Armenia’s (Rigged) Constitutional Referendum

A heavily rigged constitutional referendum that transforms Armenia into a parliamentary form of governance only serves to extend the rule of President Serzh Sargsyan who, nearing the end of his second and final term in office, is more than likely to be appointed Prime Minister.

It is not clear where the vote’s outcome leaves the legitimacy of the Sargsyan regime in the eyes of the Armenian people and its standing in the global family of nations. What is clear is that the massive fraud and vote rigging observed on December 6 will push Armenia further away from the Western world and increase the country’s dependence on Russia as guarantor of security and stability.

The draft amendments to the constitution have been criticized for limiting the rights and political freedoms of citizens, and consolidating too much power in the hands of the ruling party. In addition, by significantly expanding the Prime Minister’s powers, the amended constitution is also seen as a way to extend Sargsyan’s rule beyond his second term in office by allowing him to take on the role of Prime Minister without term limits.

Sargsyan’s Republican Party of Armenia, whose majority hold on parliament is nearly guaranteed under the revised constitution, is expected to select Sargsyan as Prime Minister. Sargsyan’s rule since 2008 has been marred by an unprecedented degree of corruption, nepotism, and poor economic/developmental decision-making.

No stranger to conducting election fraud (most notably during the 2008, 2012, and 2013 elections), the Sargsyan  government still surprised many observers with the tenacity with which it rigged the final tally in the December 6 referendum. Every trick in the book—including ballot stuffing; multiple and carousel voting, a process that involves voting with pre-marked ballots; and intentional miscounting—was used to secure the passage of the amendments with 66.2 percent for and 33.8 percent against, with turnout exceeding 50 percent. Pre-referendum public opinion surveys had shown a majority voting against the referendum, reflecting the regime’s low popularity rating and its failure to convince citizens of the necessity for the referendum. Once confirmed, the revised constitution will take effect on June 1, 2016.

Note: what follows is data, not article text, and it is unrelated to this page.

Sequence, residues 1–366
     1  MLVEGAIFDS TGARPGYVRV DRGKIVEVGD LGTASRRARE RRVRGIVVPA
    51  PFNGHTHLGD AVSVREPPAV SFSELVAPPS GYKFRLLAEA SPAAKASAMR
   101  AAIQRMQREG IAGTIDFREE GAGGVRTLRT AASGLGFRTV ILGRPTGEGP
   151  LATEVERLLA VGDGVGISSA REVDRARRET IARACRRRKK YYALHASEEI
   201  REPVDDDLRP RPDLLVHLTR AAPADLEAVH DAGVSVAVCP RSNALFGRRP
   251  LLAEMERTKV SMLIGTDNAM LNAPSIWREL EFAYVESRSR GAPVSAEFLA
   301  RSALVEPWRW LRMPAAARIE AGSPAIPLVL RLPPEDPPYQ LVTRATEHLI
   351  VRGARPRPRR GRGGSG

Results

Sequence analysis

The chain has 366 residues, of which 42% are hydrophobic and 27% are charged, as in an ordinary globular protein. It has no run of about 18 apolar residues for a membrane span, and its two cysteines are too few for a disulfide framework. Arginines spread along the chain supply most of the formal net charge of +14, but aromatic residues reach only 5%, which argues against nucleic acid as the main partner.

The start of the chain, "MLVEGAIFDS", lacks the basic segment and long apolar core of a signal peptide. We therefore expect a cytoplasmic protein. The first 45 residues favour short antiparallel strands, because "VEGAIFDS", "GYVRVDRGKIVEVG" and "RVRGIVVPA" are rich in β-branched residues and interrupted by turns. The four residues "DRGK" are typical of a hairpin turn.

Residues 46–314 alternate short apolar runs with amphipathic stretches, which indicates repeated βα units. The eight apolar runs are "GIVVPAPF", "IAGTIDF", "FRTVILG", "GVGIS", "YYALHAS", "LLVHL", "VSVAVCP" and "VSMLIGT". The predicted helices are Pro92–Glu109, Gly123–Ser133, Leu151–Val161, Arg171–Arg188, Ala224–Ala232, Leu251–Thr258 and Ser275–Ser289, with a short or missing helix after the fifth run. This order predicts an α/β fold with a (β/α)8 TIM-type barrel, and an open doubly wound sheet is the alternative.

International election observers denounced the electoral proceedings. The Parliamentary Assembly of the Council of Europe criticized the authorities for failing to protect the integrity of the electoral process, citing multiple violations including voter list fraud, vote buying, carousel voting, and illegal use of administrative resources. A joint statement by the European Platform for Democratic Elections, an international civil society network, and Citizen Observer, a group set up by Transparency International’s Armenian Anti-corruption Center, stated that the outcome of the referendum in Armenia cannot be considered legitimate due to the scale of violations. On December 8, the US Embassy in Yerevan said in a statement that “credible allegations of electoral irregularities…need to be fully investigated to ensure that the Armenian people can see the outcome of the referendum as credible and legitimate.”